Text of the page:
For months now, parents and kids across the country have been getting ready to go back to school, but for Pamela Uqdah, there’s always a different concern: Will her daughter’s school be ready for her?
Uqdah’s 17-year-old daughter, Aminah, is among thousands of children who receive special education services in the District. Born with trisomy 13, a rare genetic disorder that most babies don’t survive, Aminah has several physical and developmental challenges that require her to receive in-home instruction and a litany of services.
Aminah’s virtual schooling began on time this year, but Uqdah said that’s rarely been the case.For years, she said, her family has had to fight to have those services approved and in place at home by the first day of school.
“Every year, school would start in August, and Aminah's teachers would not show up until maybe October, November, December,” she said. “It just got to a point where it's like, so this is what special ed is with DCPS. We have to keep fighting.”
She’s one of many parents who have shared with the News4 I-Team challenges they said they’ve faced in getting adequate special education services for their children in the District.
Federal law requires a “free” and “appropriate” education for children with disabilities and for most schools to work with parents to develop individualized education programs for qualifying children.The trouble is when the parties disagree on what services a child needs and how to provide them -- disputes that parents like Uqdah, special education advocates and attorneys tell the I-Team occur more frequently in D.C. than most other places.
“If you live in the District of Columbia and you have a child with special needs, most likely you're going to have a fight on your hands at some point during their child's education,”said Brian Gruber, an attorney who helps parents navigate the bureaucracy.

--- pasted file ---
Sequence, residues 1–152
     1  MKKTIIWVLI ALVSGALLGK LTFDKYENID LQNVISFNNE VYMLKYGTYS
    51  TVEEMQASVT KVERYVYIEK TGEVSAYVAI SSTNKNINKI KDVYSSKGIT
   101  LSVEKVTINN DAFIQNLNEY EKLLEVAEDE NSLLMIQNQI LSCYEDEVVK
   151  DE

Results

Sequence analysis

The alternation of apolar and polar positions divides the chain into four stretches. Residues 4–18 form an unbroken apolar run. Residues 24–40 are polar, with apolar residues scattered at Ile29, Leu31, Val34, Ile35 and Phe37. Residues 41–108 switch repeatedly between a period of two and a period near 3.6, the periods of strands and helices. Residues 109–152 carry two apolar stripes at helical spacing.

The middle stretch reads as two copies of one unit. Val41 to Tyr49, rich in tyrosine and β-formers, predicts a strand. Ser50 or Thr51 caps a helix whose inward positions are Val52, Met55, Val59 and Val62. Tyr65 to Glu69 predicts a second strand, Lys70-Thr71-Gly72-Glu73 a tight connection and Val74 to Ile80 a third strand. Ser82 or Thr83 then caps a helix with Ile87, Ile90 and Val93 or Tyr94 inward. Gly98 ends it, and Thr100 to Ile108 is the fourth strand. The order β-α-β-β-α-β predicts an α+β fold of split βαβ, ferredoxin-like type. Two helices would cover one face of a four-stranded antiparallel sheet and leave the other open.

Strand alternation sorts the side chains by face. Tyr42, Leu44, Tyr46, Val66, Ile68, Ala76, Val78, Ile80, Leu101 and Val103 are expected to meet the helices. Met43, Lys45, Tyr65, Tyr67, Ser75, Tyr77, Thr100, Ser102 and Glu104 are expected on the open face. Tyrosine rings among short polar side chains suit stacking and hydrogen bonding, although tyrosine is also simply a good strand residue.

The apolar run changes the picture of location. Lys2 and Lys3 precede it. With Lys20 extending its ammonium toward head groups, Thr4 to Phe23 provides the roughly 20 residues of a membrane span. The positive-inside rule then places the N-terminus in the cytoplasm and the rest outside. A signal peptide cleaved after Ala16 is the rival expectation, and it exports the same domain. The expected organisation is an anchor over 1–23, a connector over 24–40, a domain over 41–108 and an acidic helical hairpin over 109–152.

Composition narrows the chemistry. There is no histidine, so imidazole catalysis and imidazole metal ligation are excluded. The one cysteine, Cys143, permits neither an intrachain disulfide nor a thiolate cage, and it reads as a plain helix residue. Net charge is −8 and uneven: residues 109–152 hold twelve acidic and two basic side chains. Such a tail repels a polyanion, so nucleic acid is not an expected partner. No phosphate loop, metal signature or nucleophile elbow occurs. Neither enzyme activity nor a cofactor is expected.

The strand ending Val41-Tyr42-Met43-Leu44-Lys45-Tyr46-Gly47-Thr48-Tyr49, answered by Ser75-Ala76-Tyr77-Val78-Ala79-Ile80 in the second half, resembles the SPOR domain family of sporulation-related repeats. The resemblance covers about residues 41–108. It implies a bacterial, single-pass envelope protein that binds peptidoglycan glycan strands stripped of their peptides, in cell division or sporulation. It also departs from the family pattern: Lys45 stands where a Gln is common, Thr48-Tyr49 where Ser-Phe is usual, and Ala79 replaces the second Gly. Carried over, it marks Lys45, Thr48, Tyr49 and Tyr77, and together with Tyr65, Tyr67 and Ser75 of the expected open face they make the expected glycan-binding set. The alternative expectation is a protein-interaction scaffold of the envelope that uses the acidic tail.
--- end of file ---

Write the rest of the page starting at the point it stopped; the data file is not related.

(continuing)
A 2020 report by the Center for Appropriate Dispute Resolution in Special Education found those disputes are far more common in D.C. than anywhere else in the country, with parties collectively filing formal dispute resolution measures at a rate of 279 times per 10,000 kids, as of the 2018-2019 school year.
Though the same organization found improvement in the District’s dispute rate in recent years, it’s still nearly four times higher than Maryland and 15 times more than Virginia, which have an “activity” rate of 74.1 and 18.8 per 10,000 kids, respectively.
Those dispute resolution measures, which are spelled out by The Individuals with Disabilities Education Act, include mediation requests; filing what’s called a state complaint, which is essentially a formal complaint to an official state agency; or filing a due process complaint, which can trigger a court-like hearing before a third party. Parties can also appeal a decision to federal court.
“There is most definitely an overreliance on either the administrative due process hearing or the ultimate appeal of that due process hearing decision within the District,” said Gruber, who also practices in Maryland.
The I-Team submitted multiple requests for comment to DCPS and the Deputy Mayor for Education’s Office prior to the publication of this report, but received no response.
DCPS later issued the following statement:
“DC Public Schools' goal is to provide high quality instruction and special education services to students with disabilities to create a joyful, supportive, and inclusive learning environment for all. We are committed to providing individualized support for students and their families to advance their overall progress in our schools and prepare them for life-long success.”
Gruber, the attorney, said parents and schools are most often clashing over getting a child assessed for services, what those services entail and whether they will be provided in a public school or private setting -- disputes that many times lead parents to hire costly attorneys to fight on their behalf.